Metacritic (8/10), Rotten Tomatoes (***+)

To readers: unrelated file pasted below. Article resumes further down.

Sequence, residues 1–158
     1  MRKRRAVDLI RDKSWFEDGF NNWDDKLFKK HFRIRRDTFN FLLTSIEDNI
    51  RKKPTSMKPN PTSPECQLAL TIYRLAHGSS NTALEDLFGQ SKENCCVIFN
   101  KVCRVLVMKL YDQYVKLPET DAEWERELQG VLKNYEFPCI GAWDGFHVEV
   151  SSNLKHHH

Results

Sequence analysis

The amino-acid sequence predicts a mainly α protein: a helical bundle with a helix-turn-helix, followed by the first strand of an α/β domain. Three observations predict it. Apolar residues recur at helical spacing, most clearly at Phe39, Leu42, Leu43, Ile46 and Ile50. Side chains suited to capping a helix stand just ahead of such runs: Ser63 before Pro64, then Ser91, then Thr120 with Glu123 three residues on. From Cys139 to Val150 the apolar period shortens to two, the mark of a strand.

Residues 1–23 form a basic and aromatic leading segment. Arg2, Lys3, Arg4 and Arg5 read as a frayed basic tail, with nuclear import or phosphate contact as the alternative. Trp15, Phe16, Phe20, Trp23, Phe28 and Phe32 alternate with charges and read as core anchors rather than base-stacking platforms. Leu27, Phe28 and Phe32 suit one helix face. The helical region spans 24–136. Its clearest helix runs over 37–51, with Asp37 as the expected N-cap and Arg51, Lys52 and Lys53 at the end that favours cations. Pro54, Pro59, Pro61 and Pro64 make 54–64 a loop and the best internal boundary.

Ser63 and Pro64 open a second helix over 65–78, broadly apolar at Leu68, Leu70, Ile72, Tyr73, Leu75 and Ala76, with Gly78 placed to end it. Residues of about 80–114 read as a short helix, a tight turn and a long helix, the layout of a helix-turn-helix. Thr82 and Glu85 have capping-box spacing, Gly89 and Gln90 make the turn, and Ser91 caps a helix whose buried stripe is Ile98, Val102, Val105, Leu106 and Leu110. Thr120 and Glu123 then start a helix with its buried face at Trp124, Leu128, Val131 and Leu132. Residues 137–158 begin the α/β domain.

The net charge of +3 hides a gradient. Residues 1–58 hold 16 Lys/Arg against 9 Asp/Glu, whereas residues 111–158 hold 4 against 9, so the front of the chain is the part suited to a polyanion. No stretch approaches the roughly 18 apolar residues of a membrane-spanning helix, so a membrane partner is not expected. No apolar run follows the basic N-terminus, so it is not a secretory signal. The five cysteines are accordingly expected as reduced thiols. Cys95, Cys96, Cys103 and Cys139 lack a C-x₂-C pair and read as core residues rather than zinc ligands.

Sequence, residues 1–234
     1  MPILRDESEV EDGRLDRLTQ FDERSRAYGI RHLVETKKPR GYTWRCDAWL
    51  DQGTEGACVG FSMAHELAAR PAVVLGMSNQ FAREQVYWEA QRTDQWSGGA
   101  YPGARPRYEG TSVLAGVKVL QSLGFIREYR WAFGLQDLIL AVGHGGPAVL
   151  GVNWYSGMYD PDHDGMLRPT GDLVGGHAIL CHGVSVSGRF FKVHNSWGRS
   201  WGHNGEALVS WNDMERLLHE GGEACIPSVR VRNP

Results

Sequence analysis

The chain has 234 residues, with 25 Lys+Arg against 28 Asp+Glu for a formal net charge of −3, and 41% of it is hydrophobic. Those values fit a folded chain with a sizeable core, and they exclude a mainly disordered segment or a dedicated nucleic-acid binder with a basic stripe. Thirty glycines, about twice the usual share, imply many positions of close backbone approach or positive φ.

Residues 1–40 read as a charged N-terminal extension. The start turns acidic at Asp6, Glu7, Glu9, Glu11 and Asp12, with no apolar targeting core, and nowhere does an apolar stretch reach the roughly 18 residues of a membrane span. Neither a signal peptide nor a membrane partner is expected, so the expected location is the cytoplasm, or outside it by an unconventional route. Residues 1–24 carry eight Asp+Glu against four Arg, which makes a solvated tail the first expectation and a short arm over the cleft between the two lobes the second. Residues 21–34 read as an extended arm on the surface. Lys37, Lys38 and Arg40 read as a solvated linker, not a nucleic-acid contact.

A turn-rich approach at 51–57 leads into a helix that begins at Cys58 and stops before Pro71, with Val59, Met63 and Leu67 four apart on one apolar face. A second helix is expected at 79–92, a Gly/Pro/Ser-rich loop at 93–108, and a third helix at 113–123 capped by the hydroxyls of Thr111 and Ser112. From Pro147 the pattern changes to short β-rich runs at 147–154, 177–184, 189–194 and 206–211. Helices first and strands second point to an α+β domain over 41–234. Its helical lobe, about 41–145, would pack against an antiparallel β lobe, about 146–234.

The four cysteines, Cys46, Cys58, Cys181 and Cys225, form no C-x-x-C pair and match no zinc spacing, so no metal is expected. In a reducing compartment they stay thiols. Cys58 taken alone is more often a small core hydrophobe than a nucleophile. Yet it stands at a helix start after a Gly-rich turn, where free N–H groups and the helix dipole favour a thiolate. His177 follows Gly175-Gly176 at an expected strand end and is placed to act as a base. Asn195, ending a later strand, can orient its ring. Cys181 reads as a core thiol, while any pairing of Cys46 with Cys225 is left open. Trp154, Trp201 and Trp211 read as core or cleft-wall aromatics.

It’s hard to know exactly what to say about this gentle romantic comedy-drama about a middle-aged single father-to-be who begins falling for the 26-year-old surrogate he’s hired to give birth to his child. It’s an on-again/off-again relationship that tiptoes through issues of connection, loneliness, boundaries and love through a lens that seeks to mix strained intimacy, new dad cluelessness and tentative contractual distancing. It’s an intriguing premise that, at least theoretically, pushes the limits of the standard rom-com formula. And, for a story told in three acts, it conveniently draws upon the three-trimester format to pull that off. However, for all these strengths, writer-director Nikole Beckwith’s second feature suffers from several script issues, most notably an opening act whose flow consists mostly of a series of forced, awkward conversations, an abrupt ending that brings new meaning to rushed, deliberate ambiguity, and an overall approach that’s often a little too polite for its own good. Nevertheless, the picture generally becomes more engaging the longer it goes on and features fine performances by newcomer Patti Harrison, veteran Ed Helms and a colorful cast of walk-on supporting characters. Had the film been a little more willing to take chances (especially given its already-edgy material) and tightened up its screenplay with an extra measure of definitiveness, this one could have been a genuine knock-out, but its tendency to play it safe and vague keeps it from being carried to full term.